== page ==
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First-ever Workforce Census a success

With its first-ever Workforce Census under its belt, CNO is looking forward to making meaningful change in the health care system. Using the data nurses provided to us, we will address diversity, equity and inclusion issues that nurses face, and focus on areas requiring attention.

But first, we have 31,000 nurses to thank—our many registrants who completed the census earlier this year. Thanks to their participation, we were able to collect a robust set of new data to inform our work.

“On behalf of CNO, thank you for taking the time to tell us about yourselves and your experience working in health care,” said Brent Knowles, Director, Analytics. “Your participation is extremely valuable—to us as well as the entire system.”

CNO will work with partners to remove barriers in health care and create more equitable and inclusive policies for nurses. We have much to learn from this census about the health care system, our role as a regulator, and steps we can all take to address the barriers and biases that nurses in Ontario experience.

We are grateful to all our valuable partners who helped develop and promote the census: Canadian Black Nurses Alliance (CBNA), IPHCC, Black Nurses Task Force and Pan-Canadian Association of Nurses of African Descent (Ontario Black Nurses Network and Canadian Black Nurses Network). CNO will continue to collaborate with equity-deserving groups, to ensure we’re asking appropriate questions and measuring the right data in the best way.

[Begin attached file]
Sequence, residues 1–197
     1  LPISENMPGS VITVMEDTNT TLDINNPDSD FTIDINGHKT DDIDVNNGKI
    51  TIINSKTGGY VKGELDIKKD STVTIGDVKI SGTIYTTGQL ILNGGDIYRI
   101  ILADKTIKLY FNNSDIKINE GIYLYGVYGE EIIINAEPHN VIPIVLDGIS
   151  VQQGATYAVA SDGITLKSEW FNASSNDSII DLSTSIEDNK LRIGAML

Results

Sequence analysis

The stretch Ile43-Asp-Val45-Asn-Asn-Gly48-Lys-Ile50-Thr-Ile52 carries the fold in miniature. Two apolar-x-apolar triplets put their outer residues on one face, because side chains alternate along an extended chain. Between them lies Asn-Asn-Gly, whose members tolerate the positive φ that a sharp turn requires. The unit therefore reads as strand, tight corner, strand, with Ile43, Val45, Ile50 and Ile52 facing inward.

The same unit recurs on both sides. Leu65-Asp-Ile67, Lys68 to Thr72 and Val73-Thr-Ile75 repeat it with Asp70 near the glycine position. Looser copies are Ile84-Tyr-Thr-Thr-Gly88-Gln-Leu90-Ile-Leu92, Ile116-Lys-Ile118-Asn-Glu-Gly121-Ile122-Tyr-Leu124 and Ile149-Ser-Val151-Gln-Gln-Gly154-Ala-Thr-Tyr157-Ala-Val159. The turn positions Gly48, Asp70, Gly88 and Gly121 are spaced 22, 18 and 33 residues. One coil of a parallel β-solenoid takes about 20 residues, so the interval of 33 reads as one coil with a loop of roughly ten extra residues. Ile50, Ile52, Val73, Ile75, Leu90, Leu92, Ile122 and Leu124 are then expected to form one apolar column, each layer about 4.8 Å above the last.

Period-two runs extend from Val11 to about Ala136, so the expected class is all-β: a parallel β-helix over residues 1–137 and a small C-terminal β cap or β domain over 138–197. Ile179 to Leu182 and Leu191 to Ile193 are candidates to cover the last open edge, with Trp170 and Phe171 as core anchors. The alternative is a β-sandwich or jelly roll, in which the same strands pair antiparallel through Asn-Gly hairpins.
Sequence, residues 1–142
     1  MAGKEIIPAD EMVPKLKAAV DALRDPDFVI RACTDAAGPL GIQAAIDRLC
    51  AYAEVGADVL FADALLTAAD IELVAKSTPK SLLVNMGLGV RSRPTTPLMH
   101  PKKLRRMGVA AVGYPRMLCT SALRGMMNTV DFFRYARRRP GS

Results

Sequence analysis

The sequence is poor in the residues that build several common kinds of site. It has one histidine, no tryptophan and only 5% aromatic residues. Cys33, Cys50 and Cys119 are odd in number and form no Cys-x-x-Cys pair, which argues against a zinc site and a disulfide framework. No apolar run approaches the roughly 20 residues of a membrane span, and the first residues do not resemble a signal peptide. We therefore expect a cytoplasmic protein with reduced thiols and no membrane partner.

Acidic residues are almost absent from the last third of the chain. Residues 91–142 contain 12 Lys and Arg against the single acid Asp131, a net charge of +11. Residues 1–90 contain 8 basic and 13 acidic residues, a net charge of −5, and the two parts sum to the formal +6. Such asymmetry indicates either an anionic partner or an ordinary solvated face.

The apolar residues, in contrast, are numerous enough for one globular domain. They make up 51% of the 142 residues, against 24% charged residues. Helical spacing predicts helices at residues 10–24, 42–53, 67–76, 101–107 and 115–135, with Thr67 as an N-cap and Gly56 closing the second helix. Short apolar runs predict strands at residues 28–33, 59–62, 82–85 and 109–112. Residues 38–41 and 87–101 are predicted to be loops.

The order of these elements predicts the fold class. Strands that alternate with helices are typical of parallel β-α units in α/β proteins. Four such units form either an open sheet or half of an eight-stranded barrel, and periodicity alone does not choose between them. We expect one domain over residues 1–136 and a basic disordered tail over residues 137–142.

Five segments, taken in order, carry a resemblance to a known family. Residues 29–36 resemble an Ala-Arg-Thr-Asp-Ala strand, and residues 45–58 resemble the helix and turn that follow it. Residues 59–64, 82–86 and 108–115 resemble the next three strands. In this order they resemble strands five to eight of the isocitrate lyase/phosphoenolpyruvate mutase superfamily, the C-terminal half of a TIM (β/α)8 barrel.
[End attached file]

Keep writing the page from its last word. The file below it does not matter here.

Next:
“Without empirical data, change and the measurement of its impact are impossible,” stated Ovie Onagbeboma, RN, and CEO, CBNA. “This is an opportunity to substantiate the disparities and discrimination members experience, paving the way for systemic change. 

“Many members have spoken up, but their voices have not been heard—CBNA values each voice, as expressed by our slogan, ‘We See You’. This data serves to materialize those voices. Additionally, collecting data on its own does not ensure substantial necessary change. So it’s pertinent for this data to inform and direct professional standards and best practice guidelines.” 

For Dr. Nicole Blackman, RN, D.NP and Director of Integrated Care and Clinical Services, Indigenous Primary Health Care Council (IPHCC), the link between data and progress is clear. “Knowing how many Indigenous nurses there are providing care will be the first step forward in helping combat anti-Indigenous racism. Having an actual number will allow us to advocate for targeted approaches for Indigenous health care providers and nursing. Without any sort of tool to give us a picture of what’s happening, we can’t advocate for more.” 

CNO is the authoritative source of province-wide data about nursing registration, application and employment in Ontario. Collecting and analyzing data about nursing registration is one way CNO achieves its purpose to protect the public by promoting safe nursing practice. Visit cno.org/census for updates, as well as timelines for releasing the results.

Page last reviewed May 08, 2024